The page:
Joaquin Phoenix delivers an outstanding performance as Napoleon in a thrilling biographical film.


Many filmmakers have attempted to follow in Napoleon’s footsteps, chasing after glory. However, it may be that only a rebellious defeat truly holds any glory. But Ridley Scott, the cinematic counterpart to Wellington, has crafted an incredibly entertaining film, charging ahead for a full two and a half hours without getting stuck in the mire of historical accuracy or philosophical implications that have hindered other directors.

Scott playfully envisions Napoleon attacking the pyramids during his Egyptian campaign and witnessing the execution of Marie Antoinette (although he may not have been present for the humiliating treatment of Louis XVI by the Tuileries mob). In addition, Scott and screenwriter David Scarpa choose not to mention Napoleon’s reinstatement of slavery in French colonies as a sign of respect. However, the true highlight of the film is Joaquin Phoenix’s sly portrayal of the doomed emperor, complete with a bicorne hat and a jaunty tricolour cockade. Phoenix portrays Napoleon as a military mastermind and charming peacock, who happens to be skilled on horseback. While others may depict Napoleon as a solitary dreamer, Scott presents him as one half of a passionate and tumultuous power couple, with Vanessa Kirby’s sensually pragmatic Josephine as his partner. In this way, Scott casts them as the Burton and Taylor of imperial France.

Rod Steiger portrayed Napoleon in Sergei Bondarchuk’s 1970 film Waterloo as a weary leader exchanging witty remarks with his advisor. In King Vidor’s War and Peace from 1956, Herbert Lom portrayed him as a fading absurdity, unable to accept that he no longer holds power in the Russian capital. In Abel Gance’s 1927 silent masterpiece, Albert Dieudonné depicted him as a stoic and emaciated figure, similar to Joan of Arc or Rasputin. However, in Phoenix’s portrayal, he is the ultimate satirist and cunning mastermind, an outsider who keenly observes and exploits the weaknesses of others. He is a proto-capitalist, driven by greed and power, boosting confidence and manipulating the value of printed money. While others may earn the nickname “Napoleon of Crime,” Phoenix’s version of Napoleon is already embodying this title.

Scott directs an exciting scene of action showcasing Napoleon’s initial triumph as a novice artilleryman: the bold assault on the British at Toulon in 1793, solidifying his renown as a skilled strategist and anti-English sentiment. Scott frames the event with a vision of a vanquished Napoleon having a conversation with Wellington on the HMS Bellerophon, casually complimenting the breakfast served to the Royal Navy.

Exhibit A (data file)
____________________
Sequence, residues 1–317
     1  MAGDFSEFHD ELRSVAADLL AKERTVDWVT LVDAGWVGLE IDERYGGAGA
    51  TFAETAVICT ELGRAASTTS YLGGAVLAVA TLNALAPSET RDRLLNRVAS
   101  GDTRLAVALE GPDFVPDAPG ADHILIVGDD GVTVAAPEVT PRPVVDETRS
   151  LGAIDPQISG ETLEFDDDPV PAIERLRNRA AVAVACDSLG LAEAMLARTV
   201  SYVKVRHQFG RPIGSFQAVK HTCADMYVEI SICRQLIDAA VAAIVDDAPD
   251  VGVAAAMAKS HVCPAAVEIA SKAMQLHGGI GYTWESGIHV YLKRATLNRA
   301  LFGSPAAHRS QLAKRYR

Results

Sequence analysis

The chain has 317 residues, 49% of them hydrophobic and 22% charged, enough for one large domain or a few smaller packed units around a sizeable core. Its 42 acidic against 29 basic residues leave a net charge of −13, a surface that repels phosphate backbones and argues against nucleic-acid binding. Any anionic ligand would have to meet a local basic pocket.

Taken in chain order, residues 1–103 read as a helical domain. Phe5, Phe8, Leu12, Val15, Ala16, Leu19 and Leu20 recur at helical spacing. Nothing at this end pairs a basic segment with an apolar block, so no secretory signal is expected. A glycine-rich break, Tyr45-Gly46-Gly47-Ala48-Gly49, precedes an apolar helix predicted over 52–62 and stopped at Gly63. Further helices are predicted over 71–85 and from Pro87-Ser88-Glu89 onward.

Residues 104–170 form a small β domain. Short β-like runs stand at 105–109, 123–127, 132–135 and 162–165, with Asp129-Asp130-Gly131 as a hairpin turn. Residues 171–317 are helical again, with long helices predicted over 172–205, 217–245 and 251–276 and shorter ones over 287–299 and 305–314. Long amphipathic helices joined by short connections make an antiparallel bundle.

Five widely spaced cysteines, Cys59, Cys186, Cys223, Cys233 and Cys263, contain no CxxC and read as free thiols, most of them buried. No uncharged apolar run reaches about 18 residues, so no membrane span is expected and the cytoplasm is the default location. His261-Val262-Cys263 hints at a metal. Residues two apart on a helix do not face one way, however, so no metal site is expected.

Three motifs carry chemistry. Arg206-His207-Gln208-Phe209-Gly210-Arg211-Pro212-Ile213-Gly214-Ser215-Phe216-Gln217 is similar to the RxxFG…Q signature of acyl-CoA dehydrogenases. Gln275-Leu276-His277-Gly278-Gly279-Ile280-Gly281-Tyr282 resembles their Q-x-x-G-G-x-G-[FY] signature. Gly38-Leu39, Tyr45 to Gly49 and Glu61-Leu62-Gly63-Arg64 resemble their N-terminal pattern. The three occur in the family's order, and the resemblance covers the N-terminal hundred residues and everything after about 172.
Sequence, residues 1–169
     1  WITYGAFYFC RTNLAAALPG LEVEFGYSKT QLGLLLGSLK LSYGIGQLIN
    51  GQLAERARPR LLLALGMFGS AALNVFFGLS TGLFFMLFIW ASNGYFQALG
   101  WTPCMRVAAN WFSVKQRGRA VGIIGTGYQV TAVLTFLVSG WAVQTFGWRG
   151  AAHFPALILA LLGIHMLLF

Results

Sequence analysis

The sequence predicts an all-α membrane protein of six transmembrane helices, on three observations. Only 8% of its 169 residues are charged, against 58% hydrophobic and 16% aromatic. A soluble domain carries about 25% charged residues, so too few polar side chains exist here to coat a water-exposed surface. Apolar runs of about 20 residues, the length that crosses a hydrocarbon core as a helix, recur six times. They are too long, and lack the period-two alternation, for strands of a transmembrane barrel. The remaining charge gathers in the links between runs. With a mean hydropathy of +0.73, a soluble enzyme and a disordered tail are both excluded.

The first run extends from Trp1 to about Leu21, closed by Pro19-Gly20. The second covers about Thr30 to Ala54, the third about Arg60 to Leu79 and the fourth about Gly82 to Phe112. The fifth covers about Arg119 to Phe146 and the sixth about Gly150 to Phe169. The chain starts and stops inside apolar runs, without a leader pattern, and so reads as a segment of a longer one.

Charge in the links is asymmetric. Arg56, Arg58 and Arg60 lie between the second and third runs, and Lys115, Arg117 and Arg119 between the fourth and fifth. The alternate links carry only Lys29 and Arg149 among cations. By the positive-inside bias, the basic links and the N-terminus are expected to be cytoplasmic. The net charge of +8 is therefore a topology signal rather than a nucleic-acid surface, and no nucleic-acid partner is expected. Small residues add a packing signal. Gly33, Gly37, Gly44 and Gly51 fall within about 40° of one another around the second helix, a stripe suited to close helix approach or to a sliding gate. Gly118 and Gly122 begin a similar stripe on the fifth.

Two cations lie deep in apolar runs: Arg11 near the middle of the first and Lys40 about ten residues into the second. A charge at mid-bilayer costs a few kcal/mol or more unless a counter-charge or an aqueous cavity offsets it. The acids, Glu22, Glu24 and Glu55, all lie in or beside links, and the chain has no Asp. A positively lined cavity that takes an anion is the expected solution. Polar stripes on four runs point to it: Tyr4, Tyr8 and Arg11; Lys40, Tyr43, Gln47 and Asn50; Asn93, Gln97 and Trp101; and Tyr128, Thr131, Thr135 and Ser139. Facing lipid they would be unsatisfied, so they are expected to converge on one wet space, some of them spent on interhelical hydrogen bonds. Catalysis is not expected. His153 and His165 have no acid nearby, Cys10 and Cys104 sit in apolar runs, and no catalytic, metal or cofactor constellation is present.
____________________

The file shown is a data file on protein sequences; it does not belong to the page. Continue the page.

Britain’s naval dominance is the source of Napoleon’s feelings of inferiority. In a fit of frustration, he complains to the British ambassador about their perceived superiority due to their possession of boats. This moment is reminiscent of the character Commodus in the film Gladiator. Napoleon’s self-coronation as emperor also echoes Commodus, as he realizes the crown does not fit comfortably over his laurels reminiscent of ancient Roman emperors. With the help of his patron and friend Barras, Napoleon navigates the opposing forces of revolution and royalism and becomes the embodiment of raw power. He ruthlessly suppresses the angry mob with his “whiff of grapeshot”, a scene famously depicted by Scott.

Napoleon has always been seen as a captivating figure, both as a symbol and an icon. Since Tolstoy, the retreat from Moscow and Napoleon’s subsequent defeat have been seen as a representation of Russia’s miraculous deliverance, similar to the resurrection itself. Even Hitler was intrigued by him. However, the postwar admiration for Napoleon still exists for those who wish to forget the atrocities of the 20th century and romanticize war. In Kubrick’s abandoned film project, it was expected that Napoleon would carry a great deal of significance. However, this is not the intention of Ridley Scott. He does not burden the audience with deep philosophical meaning and instead provides traditional pleasures of grandeur and excitement. Phoenix’s performance is the key to the film: strong and robust, just like the glass of burgundy he enjoys. He exudes confidence, broods with intensity, seethes with emotion, and ultimately triumphs.

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